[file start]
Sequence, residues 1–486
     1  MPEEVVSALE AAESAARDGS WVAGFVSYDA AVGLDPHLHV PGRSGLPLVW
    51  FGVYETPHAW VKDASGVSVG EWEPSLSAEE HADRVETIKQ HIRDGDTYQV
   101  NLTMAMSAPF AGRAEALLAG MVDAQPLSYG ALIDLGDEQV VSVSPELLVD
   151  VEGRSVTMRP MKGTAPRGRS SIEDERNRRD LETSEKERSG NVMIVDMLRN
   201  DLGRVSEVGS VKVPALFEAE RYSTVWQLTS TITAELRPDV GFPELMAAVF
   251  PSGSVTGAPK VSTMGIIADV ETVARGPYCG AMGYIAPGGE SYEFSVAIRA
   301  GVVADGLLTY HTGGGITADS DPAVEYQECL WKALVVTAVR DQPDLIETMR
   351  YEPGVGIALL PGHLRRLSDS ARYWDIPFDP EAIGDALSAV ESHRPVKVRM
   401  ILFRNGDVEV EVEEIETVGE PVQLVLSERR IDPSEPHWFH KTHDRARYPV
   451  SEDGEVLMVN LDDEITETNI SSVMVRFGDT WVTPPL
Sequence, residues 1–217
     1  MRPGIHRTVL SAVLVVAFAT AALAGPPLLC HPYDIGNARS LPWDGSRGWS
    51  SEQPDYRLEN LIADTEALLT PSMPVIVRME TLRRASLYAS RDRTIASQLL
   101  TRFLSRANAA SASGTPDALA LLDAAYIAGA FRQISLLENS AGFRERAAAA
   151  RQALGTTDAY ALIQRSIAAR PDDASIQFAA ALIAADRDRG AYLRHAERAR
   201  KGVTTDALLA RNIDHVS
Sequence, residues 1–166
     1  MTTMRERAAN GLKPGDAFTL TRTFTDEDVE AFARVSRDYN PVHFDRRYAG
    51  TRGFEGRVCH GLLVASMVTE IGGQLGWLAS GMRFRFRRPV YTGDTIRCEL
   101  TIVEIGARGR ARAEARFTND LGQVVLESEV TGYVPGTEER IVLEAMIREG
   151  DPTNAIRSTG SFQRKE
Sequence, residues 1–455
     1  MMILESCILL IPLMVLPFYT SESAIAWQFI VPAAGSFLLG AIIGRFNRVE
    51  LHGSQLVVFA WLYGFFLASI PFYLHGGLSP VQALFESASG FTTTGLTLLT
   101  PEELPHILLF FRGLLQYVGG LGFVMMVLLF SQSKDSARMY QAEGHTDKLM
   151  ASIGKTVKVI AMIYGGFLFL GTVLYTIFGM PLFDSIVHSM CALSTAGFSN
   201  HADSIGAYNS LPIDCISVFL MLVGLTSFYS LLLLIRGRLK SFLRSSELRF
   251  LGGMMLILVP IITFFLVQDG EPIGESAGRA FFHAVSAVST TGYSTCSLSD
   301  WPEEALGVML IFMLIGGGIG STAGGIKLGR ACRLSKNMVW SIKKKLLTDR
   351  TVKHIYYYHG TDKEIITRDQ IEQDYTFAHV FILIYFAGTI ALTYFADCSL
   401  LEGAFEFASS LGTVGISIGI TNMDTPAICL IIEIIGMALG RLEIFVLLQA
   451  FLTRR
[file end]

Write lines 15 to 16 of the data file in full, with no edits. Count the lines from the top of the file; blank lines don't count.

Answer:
   101  TRFLSRANAA SASGTPDALA LLDAAYIAGA FRQISLLENS AGFRERAAAA
   151  RQALGTTDAY ALIQRSIAAR PDDASIQFAA ALIAADRDRG AYLRHAERAR